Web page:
Upload & Sell: Off
Each paper manufacturer has slightly different variations of each style of paper.
It should also be mentioned that minilabs and pro labs use different papers for different needs and name their products (and surfaces) for what the consumer or professioanl desires. For example matte paper run through my consumer lab is actually lustre (which does not fingerprint), while matte in the pro lab is a true matte.
In my prolab I print only on Fuji Crystal Archive Professional Papers so I'll address those specifically.
Glossy (type C): Medium gloss; higher color saturation and contrast than most other surfaces.
Matte (type C): Flat surface with a slight sheen, because this is a commercial paper it has a higher level of color saturation and sharpness than consumer matte papers.
Lustre (type PD): Slightly pebbled finish resists finger prints; slightly lower in saturation and contrast, ideal for portraits and softly lit landscapes.
Pearl (Fuji's name for metallic): Medium high gloss; High color saturation, contrast and refraction. The addition if reflective "mica" beads in the surface add an pearlescient effect (hence the name). Great for brightly colored scenes, cars, motorcycles and fashion shots.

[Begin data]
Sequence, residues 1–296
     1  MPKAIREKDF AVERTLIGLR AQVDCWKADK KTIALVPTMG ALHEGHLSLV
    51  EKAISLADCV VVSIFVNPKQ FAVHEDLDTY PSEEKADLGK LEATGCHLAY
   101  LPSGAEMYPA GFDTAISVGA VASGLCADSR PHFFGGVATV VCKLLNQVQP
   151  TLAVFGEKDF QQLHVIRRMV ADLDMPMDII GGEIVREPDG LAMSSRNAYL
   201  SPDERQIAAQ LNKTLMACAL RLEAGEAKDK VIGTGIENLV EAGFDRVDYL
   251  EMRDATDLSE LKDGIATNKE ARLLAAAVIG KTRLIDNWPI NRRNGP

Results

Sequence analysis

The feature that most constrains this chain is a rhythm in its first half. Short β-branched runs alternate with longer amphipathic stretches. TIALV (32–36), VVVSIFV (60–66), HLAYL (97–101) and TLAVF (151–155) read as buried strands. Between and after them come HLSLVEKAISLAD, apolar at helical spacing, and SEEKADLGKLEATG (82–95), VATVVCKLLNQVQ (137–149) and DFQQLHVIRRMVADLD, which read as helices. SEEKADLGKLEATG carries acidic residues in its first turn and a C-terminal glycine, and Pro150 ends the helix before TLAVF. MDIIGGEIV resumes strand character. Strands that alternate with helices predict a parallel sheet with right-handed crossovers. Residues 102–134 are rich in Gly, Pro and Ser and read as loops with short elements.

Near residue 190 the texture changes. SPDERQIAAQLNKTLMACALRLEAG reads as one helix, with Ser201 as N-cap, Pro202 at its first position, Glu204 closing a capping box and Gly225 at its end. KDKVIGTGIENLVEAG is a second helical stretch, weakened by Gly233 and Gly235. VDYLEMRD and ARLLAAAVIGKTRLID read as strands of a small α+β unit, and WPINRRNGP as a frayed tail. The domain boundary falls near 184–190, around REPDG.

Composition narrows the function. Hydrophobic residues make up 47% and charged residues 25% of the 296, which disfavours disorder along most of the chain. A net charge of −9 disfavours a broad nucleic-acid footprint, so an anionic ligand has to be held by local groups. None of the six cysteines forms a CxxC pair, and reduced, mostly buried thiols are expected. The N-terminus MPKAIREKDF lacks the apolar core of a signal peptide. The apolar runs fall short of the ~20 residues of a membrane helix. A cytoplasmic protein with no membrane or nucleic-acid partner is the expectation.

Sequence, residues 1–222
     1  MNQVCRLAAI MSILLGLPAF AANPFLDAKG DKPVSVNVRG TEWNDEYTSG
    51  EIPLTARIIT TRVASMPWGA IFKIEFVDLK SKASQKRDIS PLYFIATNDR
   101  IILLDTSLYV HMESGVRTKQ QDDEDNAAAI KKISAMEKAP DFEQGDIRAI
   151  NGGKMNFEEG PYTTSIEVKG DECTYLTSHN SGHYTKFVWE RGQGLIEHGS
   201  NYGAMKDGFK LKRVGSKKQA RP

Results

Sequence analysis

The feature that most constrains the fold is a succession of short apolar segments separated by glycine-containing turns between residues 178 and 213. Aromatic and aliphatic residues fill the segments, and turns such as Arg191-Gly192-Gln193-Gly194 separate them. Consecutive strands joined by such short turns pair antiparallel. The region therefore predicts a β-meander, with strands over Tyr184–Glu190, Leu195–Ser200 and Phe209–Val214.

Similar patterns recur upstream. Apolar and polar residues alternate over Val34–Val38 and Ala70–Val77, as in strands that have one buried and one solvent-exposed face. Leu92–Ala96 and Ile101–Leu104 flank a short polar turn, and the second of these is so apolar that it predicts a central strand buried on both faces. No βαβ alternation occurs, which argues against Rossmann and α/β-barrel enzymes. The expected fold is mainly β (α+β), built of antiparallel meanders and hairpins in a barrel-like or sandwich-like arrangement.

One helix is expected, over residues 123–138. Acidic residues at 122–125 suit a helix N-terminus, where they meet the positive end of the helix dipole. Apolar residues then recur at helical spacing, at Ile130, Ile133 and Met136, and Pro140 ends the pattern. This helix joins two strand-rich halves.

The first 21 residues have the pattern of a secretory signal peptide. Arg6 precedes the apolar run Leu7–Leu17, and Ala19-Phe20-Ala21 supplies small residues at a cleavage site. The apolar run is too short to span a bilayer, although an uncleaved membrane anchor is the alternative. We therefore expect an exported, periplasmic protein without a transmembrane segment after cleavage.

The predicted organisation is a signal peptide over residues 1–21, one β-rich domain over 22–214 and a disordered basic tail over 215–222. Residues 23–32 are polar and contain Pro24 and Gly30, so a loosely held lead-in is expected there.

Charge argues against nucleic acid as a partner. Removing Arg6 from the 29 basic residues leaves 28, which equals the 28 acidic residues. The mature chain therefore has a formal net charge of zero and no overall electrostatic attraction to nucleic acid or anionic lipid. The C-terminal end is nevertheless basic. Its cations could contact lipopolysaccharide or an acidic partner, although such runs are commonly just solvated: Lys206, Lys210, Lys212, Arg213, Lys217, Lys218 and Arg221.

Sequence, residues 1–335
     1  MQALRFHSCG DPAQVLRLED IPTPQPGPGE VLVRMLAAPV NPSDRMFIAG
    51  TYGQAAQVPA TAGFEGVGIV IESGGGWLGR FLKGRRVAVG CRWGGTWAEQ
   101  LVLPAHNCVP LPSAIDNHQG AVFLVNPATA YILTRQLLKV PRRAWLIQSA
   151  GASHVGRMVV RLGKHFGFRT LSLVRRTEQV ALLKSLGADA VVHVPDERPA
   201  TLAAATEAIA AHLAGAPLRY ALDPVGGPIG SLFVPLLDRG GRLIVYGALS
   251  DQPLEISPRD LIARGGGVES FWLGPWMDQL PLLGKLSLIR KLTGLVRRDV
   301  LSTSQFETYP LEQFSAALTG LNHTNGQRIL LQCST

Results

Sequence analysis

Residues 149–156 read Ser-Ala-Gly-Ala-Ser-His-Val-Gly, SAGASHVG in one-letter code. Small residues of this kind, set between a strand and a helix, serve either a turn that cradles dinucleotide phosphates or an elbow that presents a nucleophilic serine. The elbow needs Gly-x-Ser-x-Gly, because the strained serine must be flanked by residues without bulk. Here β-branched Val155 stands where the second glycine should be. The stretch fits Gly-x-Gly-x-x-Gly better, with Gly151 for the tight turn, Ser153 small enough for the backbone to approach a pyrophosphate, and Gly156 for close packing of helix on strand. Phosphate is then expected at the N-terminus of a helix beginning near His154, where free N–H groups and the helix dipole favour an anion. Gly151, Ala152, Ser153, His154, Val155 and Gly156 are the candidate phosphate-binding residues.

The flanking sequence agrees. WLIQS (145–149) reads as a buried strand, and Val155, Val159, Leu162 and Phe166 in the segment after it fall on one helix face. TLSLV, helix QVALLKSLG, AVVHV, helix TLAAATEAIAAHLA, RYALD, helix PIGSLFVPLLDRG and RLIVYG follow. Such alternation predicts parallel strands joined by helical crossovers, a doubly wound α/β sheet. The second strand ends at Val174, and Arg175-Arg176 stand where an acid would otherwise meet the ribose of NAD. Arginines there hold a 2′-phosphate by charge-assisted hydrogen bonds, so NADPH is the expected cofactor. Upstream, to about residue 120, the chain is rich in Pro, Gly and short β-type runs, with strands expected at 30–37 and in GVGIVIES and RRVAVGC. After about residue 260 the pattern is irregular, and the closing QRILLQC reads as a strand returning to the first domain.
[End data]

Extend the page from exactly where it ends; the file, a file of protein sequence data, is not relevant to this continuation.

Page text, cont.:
Fujiflex (for me, special order only as it cost nearly $1000 a roll): Super high gloss, similiar to the old Cibachrome A surface paper. Super saturated and vibrant. Use for commercial displays where the ultimate in "pop" is desired.
Deep Matte (coming June 2009, again special order only because it is $800 a roll): A very flat surface. Slightly lower contrast because the surface absorbs and scatters light. Hard to describe this one still, from the samples I have played with it is like a very expensive heavy bond printed book.
Each of the labs you have mentioned plus myself also offer paper/printer profiles for use in softproofing to get more accurate results.
Also, each lab is tied to a type of printer to best meet the needs of their clientelles.
Millers, Mpix, WHCC use Durst Theta printers for their larger format printers (WHCC uses Noritsu Commercial Minilabs for prints smaller than 12x18, this is important as they might be set up as sRGB printers rather that Adobe 1998 RGB which has a wider gamut). Bay Photo Labs (not sure of thier printers but I believe it is a mix of Durst, Fuji and Noritsu) has set up their printers for sRGB.The durst printers are exceptionally well suited to portrait output (weddings, etc.).
Most art labs such as West Coast Imaging, The Slide Printers and myself use Chromira printers which are better suited to commercial (and fine art) output. Chromira's are also by default wide gamut Adobe RGB printers.
When your ready to get going drop me a line and I'll send you a paper sample packet.